How many frameworks does one need though to design, document develop the same system and achieve same results? Ideally one. In practice, two or three perhaps, at least until the domain matures.
In fact, neither Zachman nor TOGAF are specific to EA.
Currently, most professionals don't use any specific framework; that is, we use bits and pieces of knowledge from everywhere and anywhere: Zachman, TOGAF... Value Chains, business models, operating models, balanced score cards, process frameworks, all kind of business methods, ITIL, COBIT...
Hence, some may even say that they don't need no frameworks. True. As long as the academia and the big firms cannot come with anything good, what can the practitioners do when there is such a demand for EA?
Without this framework, our volume of work would significantly increase and the results won't be similar, predictable or to expectations.
Each project is different. Yet we have the same project management method or framework. One has to use indeed own experience as well, on top of that.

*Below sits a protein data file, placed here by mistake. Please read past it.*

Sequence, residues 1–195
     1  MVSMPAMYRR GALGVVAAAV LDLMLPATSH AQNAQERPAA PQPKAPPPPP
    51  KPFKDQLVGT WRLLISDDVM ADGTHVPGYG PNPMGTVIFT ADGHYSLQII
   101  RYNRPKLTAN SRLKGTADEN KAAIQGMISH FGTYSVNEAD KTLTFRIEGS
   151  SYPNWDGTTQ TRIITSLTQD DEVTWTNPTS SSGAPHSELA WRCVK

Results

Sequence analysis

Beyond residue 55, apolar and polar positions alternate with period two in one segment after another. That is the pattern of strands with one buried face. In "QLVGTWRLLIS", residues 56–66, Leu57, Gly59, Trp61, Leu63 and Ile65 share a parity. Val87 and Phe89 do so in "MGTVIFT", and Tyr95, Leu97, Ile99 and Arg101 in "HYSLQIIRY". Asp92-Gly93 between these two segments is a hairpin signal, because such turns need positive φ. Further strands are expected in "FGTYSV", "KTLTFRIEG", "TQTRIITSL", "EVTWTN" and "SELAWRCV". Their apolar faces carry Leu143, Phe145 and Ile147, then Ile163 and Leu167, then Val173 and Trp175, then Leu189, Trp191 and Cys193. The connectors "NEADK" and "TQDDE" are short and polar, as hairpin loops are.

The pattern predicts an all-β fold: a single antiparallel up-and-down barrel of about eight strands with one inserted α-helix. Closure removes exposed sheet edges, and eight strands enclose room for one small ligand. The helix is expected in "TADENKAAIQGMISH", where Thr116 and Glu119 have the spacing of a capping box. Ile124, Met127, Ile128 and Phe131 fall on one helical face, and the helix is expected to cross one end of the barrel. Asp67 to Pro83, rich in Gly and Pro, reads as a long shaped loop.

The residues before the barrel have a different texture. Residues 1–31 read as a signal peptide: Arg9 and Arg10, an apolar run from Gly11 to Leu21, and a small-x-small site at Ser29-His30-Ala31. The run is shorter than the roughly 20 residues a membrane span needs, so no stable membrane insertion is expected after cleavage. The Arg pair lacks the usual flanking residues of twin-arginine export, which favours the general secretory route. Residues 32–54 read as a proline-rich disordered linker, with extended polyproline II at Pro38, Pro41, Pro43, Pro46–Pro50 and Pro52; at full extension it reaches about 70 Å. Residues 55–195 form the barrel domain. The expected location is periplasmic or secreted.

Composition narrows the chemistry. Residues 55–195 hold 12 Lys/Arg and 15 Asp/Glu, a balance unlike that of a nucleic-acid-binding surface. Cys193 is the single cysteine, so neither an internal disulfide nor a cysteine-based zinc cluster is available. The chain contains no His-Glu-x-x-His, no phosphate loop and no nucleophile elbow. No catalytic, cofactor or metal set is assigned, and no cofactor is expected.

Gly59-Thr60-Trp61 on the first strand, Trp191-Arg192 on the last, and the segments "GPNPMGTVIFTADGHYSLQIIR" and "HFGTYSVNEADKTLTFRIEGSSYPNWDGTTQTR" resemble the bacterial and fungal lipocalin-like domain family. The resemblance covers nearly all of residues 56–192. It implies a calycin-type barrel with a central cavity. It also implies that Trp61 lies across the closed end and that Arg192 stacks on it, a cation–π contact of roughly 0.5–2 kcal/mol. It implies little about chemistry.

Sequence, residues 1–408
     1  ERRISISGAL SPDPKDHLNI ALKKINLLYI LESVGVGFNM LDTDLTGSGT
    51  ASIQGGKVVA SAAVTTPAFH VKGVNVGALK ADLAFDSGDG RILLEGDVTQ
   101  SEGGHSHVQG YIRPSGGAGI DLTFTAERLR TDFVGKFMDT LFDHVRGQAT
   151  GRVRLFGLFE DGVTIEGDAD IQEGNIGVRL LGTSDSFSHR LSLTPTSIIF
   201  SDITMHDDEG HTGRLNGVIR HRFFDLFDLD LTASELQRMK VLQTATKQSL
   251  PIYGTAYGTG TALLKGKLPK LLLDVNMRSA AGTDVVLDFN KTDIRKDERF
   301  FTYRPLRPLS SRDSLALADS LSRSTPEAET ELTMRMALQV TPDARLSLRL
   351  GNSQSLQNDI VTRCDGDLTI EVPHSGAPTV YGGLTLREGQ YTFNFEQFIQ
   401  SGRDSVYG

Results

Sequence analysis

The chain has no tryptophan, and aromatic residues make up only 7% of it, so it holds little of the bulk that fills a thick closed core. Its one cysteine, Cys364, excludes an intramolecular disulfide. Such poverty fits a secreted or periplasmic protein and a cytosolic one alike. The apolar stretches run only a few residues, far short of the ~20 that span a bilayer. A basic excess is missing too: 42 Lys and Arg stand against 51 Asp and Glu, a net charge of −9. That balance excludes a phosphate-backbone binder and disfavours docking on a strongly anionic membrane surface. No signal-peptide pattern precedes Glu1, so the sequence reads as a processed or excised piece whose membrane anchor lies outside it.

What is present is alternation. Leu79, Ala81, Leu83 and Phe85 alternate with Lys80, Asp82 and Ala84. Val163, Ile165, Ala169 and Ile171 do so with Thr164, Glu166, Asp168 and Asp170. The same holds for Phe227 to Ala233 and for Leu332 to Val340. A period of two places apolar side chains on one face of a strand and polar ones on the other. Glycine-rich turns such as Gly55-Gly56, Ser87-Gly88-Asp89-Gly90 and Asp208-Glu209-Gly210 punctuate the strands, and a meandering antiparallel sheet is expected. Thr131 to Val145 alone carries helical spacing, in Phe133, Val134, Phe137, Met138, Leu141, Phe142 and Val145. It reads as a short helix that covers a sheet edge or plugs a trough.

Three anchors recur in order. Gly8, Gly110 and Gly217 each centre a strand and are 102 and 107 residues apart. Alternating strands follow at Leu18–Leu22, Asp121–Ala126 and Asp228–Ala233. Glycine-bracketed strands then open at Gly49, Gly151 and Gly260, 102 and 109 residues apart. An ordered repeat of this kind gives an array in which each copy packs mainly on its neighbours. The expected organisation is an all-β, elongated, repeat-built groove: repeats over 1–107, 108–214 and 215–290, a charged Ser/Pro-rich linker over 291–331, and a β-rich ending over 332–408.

Each enterprise has a product make and delivery function, a product development one, an HR, Finance and pretty much the same processes for accounting, payroll, marketing, sales, services...
Plenty of commonality as such between enterprises. That would be described by a business architecture framework like GODS. And that is why SAP is in business.
Besides an EA framework like FFLV describes how (work)Flows, Functions, Layers (technology and people) and stakeholders' View entities relate to each other in various artefacts and fit the EA whole. They can only link in one way. Hence, the EA metamodel is the same for all enterprises.
The fact of the matter is that the EA is the blueprint of the enterprise, nothing else. How it is used by strategists, operations etc is a distinct matter. As such, to my mind, the the requirements are the same for all EAs and EA frameworks but different for various stakeholders that use the EA, depending on the problem they solve and the domain.
Nevertheless, in practice, due to lack of definition, scope and the wide variability of EA job descriptions and expectations (such as architecting a Java application for instance!) many other questions can be asked that can be relevant to the job at hand but not relevant to the EA production.
The problem with EA is that not only it is inconsistently defined but there is a real distinction between what we think of it and what is demanded or performed in reality.